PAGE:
This female Hooded Merganser is just an example of the array of birds that have been using the pond.

A small flock of Ring-necked Ducks have been diving, feeding, preening, and resting on the pond. There are now 4 females and 3 males. They spin in the wind as they preen on the pond, their feathers act as a small sail that catches the wind, while one foot is used in preening, the other for a keel or rudder so that when the wind blows against the feather direction, and lifts the feathers enough to move the bird, it spins in the wind, maintaining a relatively stable position on the pond, thus preening while resting. VIDEO OF RING NECKED DUCKS.
Grebes are not ducks. Their feet are not webbed, their toes are lobed, for ease in paddling. Their legs are mounted so far back on their bodies that they cannot walk, and occasionally

land and become stranded on a lawn of parking lot, mistaking the flat surface for water, probably in the dark.  They can dive, or partially submerge, head or eyes only above the surface. The Pied-billed Grebe has been on the bird pond now for around three months.
   Smaller Eared Grebes stopped briefly after the recent flood.

At nearby Salton Sea, and Mono Lake, Eared Grebes can sometimes be counted in the hundreds of thousands! Even a larger Western Grebe made a brief post mid flood appearance.
Local   Birding has been great for those with patience. An Evening Grosbeak
, Red Crossbills, a Painted Bunting, Vermilion Flycatcher,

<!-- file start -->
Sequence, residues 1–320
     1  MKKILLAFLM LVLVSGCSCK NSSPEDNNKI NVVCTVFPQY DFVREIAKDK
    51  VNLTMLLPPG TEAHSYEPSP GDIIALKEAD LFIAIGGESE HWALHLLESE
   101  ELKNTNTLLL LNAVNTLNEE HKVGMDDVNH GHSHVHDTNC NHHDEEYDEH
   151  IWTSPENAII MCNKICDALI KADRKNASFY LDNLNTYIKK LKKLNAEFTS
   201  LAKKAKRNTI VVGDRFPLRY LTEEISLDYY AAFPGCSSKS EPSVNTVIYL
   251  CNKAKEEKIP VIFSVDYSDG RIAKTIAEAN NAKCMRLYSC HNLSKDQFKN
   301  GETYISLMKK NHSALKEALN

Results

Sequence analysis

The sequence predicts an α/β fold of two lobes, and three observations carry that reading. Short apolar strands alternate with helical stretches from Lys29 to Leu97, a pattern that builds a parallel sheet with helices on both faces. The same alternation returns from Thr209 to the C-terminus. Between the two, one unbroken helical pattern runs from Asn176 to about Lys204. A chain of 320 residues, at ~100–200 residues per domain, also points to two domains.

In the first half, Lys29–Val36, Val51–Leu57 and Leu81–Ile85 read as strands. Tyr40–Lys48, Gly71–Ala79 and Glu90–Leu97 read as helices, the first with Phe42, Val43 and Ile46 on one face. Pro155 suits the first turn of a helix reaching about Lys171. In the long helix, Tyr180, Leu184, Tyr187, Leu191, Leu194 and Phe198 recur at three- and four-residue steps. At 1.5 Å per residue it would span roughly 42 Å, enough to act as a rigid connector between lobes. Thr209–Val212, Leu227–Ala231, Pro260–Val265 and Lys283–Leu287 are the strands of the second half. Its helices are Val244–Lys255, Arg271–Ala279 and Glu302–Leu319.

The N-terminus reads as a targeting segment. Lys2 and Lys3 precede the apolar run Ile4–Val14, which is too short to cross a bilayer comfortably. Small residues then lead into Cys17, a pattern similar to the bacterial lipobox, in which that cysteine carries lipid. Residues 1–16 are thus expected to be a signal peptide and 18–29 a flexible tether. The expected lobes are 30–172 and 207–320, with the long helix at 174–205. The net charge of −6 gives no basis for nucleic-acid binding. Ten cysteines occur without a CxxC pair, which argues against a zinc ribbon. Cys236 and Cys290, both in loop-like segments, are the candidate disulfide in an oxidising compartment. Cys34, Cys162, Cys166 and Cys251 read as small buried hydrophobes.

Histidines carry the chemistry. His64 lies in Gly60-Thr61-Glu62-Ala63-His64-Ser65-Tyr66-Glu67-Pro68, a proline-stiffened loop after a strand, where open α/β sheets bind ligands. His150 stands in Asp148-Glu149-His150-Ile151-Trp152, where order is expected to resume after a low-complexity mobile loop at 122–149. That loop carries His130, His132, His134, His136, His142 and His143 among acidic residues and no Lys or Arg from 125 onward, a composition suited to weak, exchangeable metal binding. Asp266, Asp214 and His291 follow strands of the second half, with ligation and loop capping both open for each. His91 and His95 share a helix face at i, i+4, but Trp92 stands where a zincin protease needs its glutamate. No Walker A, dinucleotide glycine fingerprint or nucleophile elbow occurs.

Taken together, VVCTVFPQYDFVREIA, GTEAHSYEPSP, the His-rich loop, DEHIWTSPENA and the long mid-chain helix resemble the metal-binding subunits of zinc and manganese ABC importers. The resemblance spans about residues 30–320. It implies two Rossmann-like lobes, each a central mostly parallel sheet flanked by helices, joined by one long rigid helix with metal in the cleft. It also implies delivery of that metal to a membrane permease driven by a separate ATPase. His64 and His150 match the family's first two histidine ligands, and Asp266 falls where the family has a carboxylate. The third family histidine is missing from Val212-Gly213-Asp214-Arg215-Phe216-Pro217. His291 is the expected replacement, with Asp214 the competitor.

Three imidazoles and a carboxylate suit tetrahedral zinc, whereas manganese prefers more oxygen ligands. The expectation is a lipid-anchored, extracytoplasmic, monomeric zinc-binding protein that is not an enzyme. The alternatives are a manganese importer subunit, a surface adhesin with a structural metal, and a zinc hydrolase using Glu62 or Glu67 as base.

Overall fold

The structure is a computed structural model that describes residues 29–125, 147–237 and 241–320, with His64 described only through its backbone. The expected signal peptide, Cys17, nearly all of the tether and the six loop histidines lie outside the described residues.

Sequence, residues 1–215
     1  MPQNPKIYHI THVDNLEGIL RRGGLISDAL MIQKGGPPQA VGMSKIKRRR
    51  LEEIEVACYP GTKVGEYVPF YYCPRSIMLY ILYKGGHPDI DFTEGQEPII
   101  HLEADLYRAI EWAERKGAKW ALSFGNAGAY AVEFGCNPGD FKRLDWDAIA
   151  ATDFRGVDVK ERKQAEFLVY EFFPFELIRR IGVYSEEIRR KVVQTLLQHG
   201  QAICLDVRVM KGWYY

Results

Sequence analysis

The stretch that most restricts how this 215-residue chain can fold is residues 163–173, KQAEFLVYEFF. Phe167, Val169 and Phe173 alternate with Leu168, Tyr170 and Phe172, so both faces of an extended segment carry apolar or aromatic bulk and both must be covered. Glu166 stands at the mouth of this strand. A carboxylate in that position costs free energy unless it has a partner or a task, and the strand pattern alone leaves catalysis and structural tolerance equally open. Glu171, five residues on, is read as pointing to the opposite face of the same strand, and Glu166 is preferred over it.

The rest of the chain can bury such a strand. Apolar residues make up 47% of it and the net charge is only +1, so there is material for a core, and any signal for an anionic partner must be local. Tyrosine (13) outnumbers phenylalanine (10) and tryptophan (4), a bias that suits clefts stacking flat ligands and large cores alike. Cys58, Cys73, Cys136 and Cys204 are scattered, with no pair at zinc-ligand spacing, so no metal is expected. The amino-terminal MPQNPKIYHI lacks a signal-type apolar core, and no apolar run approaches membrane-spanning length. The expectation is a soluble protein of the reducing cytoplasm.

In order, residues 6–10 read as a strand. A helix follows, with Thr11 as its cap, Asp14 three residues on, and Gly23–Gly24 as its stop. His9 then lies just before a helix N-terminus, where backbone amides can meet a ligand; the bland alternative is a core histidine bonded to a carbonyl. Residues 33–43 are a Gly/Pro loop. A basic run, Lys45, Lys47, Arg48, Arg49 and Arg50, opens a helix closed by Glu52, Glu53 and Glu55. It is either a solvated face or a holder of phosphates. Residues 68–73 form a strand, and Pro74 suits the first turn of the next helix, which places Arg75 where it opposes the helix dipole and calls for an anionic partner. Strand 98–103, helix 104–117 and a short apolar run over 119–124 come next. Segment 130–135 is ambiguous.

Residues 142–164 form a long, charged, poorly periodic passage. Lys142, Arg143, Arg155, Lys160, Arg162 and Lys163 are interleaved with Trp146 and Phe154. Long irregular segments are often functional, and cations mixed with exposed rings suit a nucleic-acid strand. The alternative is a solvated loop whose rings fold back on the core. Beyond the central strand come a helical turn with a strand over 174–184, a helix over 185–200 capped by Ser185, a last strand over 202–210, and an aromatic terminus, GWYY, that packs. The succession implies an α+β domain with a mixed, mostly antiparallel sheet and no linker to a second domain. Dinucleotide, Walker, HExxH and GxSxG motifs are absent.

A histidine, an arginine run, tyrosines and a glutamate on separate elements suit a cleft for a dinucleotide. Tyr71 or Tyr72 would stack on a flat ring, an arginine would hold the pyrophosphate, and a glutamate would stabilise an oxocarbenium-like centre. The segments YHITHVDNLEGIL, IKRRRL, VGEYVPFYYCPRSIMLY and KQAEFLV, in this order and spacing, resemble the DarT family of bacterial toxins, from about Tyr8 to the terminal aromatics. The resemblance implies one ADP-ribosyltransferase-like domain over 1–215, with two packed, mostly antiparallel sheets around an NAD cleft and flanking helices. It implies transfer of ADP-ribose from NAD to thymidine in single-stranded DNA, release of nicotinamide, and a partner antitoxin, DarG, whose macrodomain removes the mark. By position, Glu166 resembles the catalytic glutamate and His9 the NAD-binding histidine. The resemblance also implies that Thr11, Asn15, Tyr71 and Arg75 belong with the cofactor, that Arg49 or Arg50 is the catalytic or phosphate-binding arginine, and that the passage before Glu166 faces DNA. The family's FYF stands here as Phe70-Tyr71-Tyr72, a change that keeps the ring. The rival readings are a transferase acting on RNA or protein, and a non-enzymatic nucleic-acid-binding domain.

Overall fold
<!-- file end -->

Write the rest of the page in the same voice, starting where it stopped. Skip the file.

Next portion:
Brown Creeper, and a pond full of wild ducks, have kept it exciting. Year round permanent resident Loggerhead Shrikes,

Loggerhead Shrike
Preening Shrike
Male Ring-necked Duck
American Pipit

Add caption

Verdin a  year round resident.

Year round resident Crissal Thrasher

Verdins, Crissal Thrashers, Black-tailed Gnatcatchers, and Bewick’s Wrens can always be found with due diligence. Phainopeplas are now saturating Shoshone Wetlands and other Amargosa mesquite with mistletoe valleys, like Chicago Valley, China Ranch, and Resting Springs.
Brown Creeper
    The streets around Shoshone Village are filled with birds.  Northern Flickers are common but nervous, and difficult to get close to. The lawns harbor Western Meadowlarks, American Pipits, Western Bluebirds, and stacks of sparrows, mostly White-Crowned Sparrows but look through them carefully for Golden Crowned Sparrow or a White-throated Sparrow, both are very close looking to White-crowns. The Brown Creeper continues to appear on mesquite tree trunks around the pond, the Death Valley Academy, and the Shoshone Campground. Common Ravens provide endless entertainment with aerial battles and territorial displays, and sounds.  The Hummingbirds are returning. Both Anna’s Hummingbird and Costa’s Hummingbird are in the Area and can be seen on mesquite perches as well as local feeders.

  On Tecopa Marsh, a juvenile male Northern Harrier in regularly escorted out of the area by a much larger adult female. A few Greater Yellowlegs, Long-billed Dowitcher,
and Killdeer can be found here and there on the flats. Several Great Blue Herons, and a year-round pair of American Bitterns and a nice selection of ducks have been around all week.